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Biogeosciences An interactive open-access journal of the European Geosciences Union
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https://doi.org/10.5194/bg-2017-353
© Author(s) 2017. This work is distributed under
the Creative Commons Attribution 4.0 License.
https://doi.org/10.5194/bg-2017-353
© Author(s) 2017. This work is distributed under
the Creative Commons Attribution 4.0 License.

Submitted as: research article 28 Aug 2017

Submitted as: research article | 28 Aug 2017

Review status
This discussion paper is a preprint. It has been under review for the journal Biogeosciences (BG). The manuscript was not accepted for further review after discussion.

Organic and inorganic carbon and their stable isotopes in surface sediments of the Yellow River Estuary

Zhitong Yu1, Xiujun Wang1, Guangxuan Han2, Xingqi Liu3, and Enlou Zhang4 Zhitong Yu et al.
  • 1College of Global Change and Earth System Science, Beijing Normal University, Beijing 100875, P.R. China
  • 2Yantai Institute of Coastal Zone Research, Chinese Academy of Sciences, Yantai, Shandong 264003, P.R. China
  • 3College of Resource Environment and Tourism, Capital Normal University, Beijing 100048, P.R. China
  • 4State Key Laboratory of Lake Science and Environment, Nanjing Institute of Geography and Limnology, Chinese Academy of Sciences, Nanjing 210008, P.R. China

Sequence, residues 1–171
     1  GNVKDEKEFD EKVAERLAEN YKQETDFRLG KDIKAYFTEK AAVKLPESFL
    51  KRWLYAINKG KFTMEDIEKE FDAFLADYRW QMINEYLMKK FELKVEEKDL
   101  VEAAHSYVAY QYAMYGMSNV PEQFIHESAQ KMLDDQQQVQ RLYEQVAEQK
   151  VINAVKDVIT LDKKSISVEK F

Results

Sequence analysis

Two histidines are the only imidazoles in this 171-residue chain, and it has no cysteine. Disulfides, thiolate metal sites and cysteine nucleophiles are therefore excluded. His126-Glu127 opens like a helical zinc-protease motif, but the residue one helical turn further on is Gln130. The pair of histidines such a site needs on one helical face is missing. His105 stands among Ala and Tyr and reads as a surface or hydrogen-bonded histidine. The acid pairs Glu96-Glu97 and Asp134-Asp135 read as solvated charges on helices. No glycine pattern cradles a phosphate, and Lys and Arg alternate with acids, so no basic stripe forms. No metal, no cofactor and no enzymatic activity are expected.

Abstract. Estuarine sediment is an important carbon reservoir, and thus may play an important role in the global carbon cycle. The Yellow River Estuary is a large estuary in northern China, having implications for the Bohai Sea's carbon cycle. However, little is known about carbon dynamics in the sediment of the transitional zone near the river mouth. In this study, we collected 15 short sediment cores from the Yellow River Estuary, and measured grain size, total nitrogen (TN), total organic carbon (TOC) and inorganic carbon (TIC) and the isotopic compositions of TOC (δ13Corg) and carbonate (δ13Ccarb and δ18Ocarb). We found that TIC concentration (6.3–20.1 g kg−1) was much higher than TOC (0.2–4.4 g kg−1) in the surface sediment. Both TOC and TIC were higher to the north (2.6 and 14.5 g kg−1) than to the south (1.6 and 12.2 g kg−1), except in the southern bay where TOC and TIC reached 2.7 and 15.4 g kg−1, respectively. The δ13Corg value ranged narrowly from −24.26 ‰ to −22.66 ‰, indicating that TOC might be mainly autochthonous. However, C : N ratio varied from 2.1 to 10.1, with higher ratio found in the southern bay. We estimated that 60.8 % of TOC might be from terrigenous OC in the southern bay. The lower TOC values in the south section were due to relatively higher kinetic energy level whereas the higher values in the bay was attributable to terrigenous matters accumulation and lower kinetic energy level. There was a significantly positive correlation between TIC and TOC, indicating that TIC was primarily from autogenic carbonate. However, the southern bay revealed the most negative δ13Corg and δ13Ccarb, suggesting that there might exist some transfer of OC to IC in the section. Our study points out that the dynamics of sedimentary carbon in the Yellow River Estuary is influenced by multiple and complex processes, and highlights the importance of carbonate in carbon sequestration.

Zhitong Yu et al.
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Zhitong Yu et al.
Zhitong Yu et al.
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